Herchel Reisz, 45, and the father of five, has been living largely in government-funded hotels since the floodwaters of Superstorm Sandy raced through his ground-floor apartment Oct. 29.
But city funds for his hotel bill run out May 31.
Reisz, who works as the kosher supervisor at a Woodmere, L.I., nursing home, said he had been paying $1,500 monthly rent for a three-bedroom apartment before Sandy struck and that he would like to find a comparable apartment near Woodmere. But his months-long apartment search has been fruitless, he said.
“I’m in a dilemma,” Reisz confided. “The city would like me to take an apartment near Coney Island, but there are no Jews there, how would my kids get to their yeshiva in Far Rockaway almost 20 miles away, and my wife doesn’t want to move there. No matter what I tell the city, I’ll be out of the hotel — and they said they will send us to a family shelter if we don’t take the apartment.”
Maryam S., 65, a teacher from Rockaway Park, Queens, has not lived in her three-bedroom ranch house since floodwaters drove her out the night of the storm. She has lived with friends while she attempts to get contractors to repair her home.
She said she fired the first contractor who “did more harm than good” and whom she is considering suing, and paid $6,000 for a new oil burner that broke two days later. In all, she figured it will cost her $82,000 to get back into her house at the end of the summer, and she has received only $47,400 from insurance, government aid and donations.
Story resumes after discussion below.
Nearly seven months after Sandy, many families and congregations are still struggling to get their lives back.
Stephanie Aizer, a social worker at M’Yad L’Yad, a Long Island organization that helps families in need, said several of her 187 recipient families lost their homes on the South Shore.
“One relocated to an apartment in Lynbrook earlier this year after living on cots in a shelter for several months,” she said. “They are our success story. Two other families are still living in motels, and a half-dozen other families are living with relatives or friends because they are still unable to get back into their damaged homes.”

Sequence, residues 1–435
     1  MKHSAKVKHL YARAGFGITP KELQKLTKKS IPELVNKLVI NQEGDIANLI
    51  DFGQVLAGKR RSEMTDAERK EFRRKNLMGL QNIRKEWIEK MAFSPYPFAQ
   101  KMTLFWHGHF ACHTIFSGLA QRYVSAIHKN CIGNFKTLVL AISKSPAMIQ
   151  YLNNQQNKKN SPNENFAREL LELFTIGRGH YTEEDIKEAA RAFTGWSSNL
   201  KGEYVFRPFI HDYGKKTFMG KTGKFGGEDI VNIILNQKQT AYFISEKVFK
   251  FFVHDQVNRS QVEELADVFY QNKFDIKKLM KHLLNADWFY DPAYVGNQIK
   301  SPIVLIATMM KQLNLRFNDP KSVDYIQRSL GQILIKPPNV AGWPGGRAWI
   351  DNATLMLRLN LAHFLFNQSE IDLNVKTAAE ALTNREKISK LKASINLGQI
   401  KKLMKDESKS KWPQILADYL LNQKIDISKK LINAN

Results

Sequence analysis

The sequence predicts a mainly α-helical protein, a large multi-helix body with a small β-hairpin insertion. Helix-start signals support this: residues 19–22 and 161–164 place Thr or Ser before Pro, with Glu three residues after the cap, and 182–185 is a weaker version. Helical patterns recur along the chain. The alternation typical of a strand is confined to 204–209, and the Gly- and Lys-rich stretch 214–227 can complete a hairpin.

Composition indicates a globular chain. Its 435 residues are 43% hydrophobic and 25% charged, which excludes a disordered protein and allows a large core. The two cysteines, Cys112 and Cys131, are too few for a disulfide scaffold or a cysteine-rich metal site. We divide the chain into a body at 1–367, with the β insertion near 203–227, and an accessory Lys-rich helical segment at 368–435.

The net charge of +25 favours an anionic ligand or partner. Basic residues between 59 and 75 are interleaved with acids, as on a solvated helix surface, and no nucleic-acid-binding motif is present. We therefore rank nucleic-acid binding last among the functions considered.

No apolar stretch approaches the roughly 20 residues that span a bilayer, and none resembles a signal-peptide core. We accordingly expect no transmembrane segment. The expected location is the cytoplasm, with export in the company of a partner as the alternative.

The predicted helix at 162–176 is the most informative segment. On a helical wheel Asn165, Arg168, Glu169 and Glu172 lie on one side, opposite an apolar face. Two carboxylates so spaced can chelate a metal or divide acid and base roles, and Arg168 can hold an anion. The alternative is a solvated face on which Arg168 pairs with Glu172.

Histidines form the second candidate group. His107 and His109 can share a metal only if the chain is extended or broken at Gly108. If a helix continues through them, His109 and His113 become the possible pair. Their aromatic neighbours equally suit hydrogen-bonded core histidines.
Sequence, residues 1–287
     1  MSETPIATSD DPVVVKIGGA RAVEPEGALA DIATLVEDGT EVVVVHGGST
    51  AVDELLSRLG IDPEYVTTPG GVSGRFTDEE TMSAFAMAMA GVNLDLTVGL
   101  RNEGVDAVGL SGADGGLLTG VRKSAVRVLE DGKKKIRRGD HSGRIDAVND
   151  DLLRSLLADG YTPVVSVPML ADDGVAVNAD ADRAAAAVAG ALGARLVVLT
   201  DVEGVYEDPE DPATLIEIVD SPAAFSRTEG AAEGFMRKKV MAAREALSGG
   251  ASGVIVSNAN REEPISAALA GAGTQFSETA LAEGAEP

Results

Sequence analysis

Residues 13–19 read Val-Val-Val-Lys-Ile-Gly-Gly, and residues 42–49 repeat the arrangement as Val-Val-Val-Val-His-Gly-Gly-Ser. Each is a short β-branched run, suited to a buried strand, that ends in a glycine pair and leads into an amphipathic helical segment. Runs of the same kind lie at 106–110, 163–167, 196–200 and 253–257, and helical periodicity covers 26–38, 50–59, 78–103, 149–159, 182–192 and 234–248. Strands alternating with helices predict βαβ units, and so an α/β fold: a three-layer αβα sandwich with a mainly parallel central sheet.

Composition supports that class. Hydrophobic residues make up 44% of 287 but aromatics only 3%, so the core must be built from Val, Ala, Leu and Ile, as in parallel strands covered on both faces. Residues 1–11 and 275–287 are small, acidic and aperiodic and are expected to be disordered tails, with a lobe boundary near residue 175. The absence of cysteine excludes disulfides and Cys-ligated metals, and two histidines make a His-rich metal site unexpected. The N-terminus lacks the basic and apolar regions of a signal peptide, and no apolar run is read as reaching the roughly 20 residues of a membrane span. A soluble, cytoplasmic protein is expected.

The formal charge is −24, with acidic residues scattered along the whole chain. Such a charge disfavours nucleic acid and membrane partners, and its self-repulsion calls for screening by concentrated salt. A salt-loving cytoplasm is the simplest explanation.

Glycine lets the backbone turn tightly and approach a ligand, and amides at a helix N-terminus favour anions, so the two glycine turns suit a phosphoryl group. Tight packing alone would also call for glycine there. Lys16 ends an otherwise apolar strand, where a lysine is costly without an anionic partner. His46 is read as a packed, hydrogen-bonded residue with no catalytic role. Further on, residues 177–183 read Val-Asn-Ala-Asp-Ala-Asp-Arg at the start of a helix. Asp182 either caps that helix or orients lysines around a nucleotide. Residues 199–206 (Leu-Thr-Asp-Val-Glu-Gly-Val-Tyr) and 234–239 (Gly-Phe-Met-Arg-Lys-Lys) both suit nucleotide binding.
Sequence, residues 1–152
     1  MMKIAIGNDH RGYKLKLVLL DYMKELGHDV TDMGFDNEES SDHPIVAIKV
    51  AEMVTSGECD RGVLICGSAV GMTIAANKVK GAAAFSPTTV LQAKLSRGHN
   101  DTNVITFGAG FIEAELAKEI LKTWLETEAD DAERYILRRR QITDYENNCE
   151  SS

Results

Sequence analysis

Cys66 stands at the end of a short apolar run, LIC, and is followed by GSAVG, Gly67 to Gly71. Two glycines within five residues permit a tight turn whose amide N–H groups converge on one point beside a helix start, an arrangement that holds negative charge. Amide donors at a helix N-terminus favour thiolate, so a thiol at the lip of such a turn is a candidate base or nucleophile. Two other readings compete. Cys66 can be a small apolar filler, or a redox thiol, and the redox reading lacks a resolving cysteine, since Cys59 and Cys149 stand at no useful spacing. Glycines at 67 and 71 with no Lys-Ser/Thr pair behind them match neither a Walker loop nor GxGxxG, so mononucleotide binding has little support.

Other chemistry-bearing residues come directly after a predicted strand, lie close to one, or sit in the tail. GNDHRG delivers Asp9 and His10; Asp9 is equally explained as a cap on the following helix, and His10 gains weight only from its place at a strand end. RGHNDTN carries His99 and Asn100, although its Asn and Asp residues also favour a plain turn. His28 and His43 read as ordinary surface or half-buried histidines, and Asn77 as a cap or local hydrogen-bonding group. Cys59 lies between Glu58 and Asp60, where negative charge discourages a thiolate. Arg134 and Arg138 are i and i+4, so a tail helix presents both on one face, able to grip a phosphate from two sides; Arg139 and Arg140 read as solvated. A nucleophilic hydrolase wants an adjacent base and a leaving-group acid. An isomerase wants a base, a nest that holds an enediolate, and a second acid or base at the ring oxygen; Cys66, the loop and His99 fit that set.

Rabbi Elimelech Laufer, 80, of Belle Harbor, Queens, said he and his wife were able to continue living in their waterfront home because for five hours they bailed out water from their basement as it rushed in — keeping it from their first floor.
But the storm destroyed the three-and-a-half-foot beach retaining wall and the home next to Laufer’s that was closest to the beach. His home now sits just a few feet from the beach, and Laufer said he is concerned about what might happen in the next storm. Nevertheless, he had his basement rebuilt, walled up the window through which the ocean poured in, and installed all-new appliances.
But Laufer, a Holocaust survivor from Poland, said he is unable to forget the sound of the windswept debris slamming against his house during the storm.
“Every time something hit, we ran through the house to see what broke,” he said. “Nothing did, and I said to my wife, ‘Don’t worry, at least they’re not shooting at us.’”
Elisheva Trachtenberg, the Hurricane Sandy project coordinator at the Jewish Community Council of the Far Rockaway Peninsula, said she is still getting calls from people who had never reached out before for assistance.
“People are calling saying their roof has begun to leak, and that it was damaged by Sandy,” she said. “Others are calling to say they spent money on mold remediation and demolition and have no money for repairs — when a lot of that work could have been done for free.”
Naamah Adelman, a caseworker at the Metropolitan Council on Jewish Poverty, is working with Reisz and other families left devastated by the storm.